Monthly Archives: May 2013

Research Demonstrates Efficacy of Cultivating Emotional Intelligence with Nurses Through Equine Facilitated Experiential Learning

Back in 2009 we introduced, “The Emotionally Resilient Nurse”, a relationship-based, equine facilitated experiential learning program designed specifically to cultivate Emotional Intelligence(EI) competencies in nurses.  This program came right on the heels of our pro bono program, “Warriors in Transition”, designed to help combat veterans and their families wrestling with PTSD, and quite often PTSD/TBI.  For anyone participating in or monitoring our warriors program, the efficacy was remarkably apparent.  Sleep patterns improved, agitation levels diminished, and family relationships improved almost overnight.  The program, which we’ve helped to introduce in six states, was formally commended by General David Petraeus in 2010.

Having worked in the health care field for two decades, I had personally witnessed the challenges nurses face on a daily basis.  Their environment is emotionally toxic and they are constantly walking a tightrope, without a net, of expressing authentic empathy through healthy, professional boundaries.  It is not a task for the faint of heart.  Having witnessed the success of our approach with combat veterans, migrating this approach into acute care hospital settings, specifically designed for other front line professionals, seemed like a no-brainer.  Unfortunately, at the time, hospital administrators were still laying off nurses to cut costs.  In the very short term, this may have helped the bottom line, but over time, lowering staffing levels only exacerbated the costly problems of nurse burnout, high turnover rates (the Florida Nurses Association reports that it costs a hospital an average of $64,000 to backfill an open nursing position.  Extrapolated across the nation, this problem adds approximately $17 billion in hard dollar costs to the health care delivery system, adding absolutely no value whatsoever.) and perceptions of quality of care with patients and their families.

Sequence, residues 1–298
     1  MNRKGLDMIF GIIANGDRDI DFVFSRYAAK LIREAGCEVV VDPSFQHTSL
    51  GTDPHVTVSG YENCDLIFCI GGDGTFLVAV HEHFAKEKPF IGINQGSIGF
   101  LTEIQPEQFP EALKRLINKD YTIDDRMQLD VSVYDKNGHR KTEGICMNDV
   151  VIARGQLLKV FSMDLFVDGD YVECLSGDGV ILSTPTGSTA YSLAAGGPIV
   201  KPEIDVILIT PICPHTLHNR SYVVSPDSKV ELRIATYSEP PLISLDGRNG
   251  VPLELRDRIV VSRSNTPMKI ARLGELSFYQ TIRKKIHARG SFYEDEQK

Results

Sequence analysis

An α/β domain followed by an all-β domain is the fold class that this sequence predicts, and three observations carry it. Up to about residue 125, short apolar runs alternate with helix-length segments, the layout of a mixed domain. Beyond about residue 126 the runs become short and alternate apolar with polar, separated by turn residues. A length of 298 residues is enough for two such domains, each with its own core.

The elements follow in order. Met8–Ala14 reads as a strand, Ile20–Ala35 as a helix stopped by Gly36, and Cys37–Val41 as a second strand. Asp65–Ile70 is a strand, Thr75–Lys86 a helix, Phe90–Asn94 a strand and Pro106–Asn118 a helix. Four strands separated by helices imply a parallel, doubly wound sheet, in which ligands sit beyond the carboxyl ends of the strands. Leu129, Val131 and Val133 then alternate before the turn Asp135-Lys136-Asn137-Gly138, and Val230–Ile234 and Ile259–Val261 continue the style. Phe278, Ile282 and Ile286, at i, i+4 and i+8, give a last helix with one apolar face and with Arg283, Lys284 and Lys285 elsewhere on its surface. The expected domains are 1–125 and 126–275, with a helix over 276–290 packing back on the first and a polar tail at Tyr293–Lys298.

As we do with the development of all of our programs, we dove into the peer-reviewed, published research on the effects of cultivating emotional intelligence in nurses on the delivery system.  Here’s a snapshot of what we discovered: